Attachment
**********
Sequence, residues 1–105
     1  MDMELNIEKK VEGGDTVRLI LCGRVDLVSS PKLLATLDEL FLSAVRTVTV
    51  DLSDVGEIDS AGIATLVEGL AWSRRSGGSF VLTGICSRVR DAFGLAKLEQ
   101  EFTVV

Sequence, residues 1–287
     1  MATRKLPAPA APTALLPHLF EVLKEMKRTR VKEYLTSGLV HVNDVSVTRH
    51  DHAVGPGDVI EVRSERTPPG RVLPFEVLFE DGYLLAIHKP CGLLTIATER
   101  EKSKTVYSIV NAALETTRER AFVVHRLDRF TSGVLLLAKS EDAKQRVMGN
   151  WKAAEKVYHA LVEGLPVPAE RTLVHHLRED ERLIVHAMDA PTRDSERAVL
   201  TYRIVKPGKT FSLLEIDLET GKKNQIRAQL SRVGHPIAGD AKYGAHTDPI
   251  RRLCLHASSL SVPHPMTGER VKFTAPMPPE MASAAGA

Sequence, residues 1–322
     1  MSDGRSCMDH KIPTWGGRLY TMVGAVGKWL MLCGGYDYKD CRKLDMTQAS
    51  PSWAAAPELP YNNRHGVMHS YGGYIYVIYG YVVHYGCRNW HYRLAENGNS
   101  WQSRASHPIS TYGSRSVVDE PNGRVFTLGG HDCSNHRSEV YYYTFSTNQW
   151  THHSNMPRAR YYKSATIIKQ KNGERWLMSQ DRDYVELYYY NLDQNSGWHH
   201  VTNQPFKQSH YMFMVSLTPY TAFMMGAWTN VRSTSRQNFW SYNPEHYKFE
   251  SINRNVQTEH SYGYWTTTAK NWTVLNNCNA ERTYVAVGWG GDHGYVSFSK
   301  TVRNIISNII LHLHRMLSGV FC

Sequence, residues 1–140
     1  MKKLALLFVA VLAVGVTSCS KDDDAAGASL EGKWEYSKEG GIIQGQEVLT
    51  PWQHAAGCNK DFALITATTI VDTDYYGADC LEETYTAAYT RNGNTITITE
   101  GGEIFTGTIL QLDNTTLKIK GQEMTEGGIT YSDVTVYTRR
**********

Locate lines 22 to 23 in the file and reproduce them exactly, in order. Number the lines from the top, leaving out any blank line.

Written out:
    51  PWQHAAGCNK DFALITATTI VDTDYYGADC LEETYTAAYT RNGNTITITE
   101  GGEIFTGTIL QLDNTTLKIK GQEMTEGGIT YSDVTVYTRR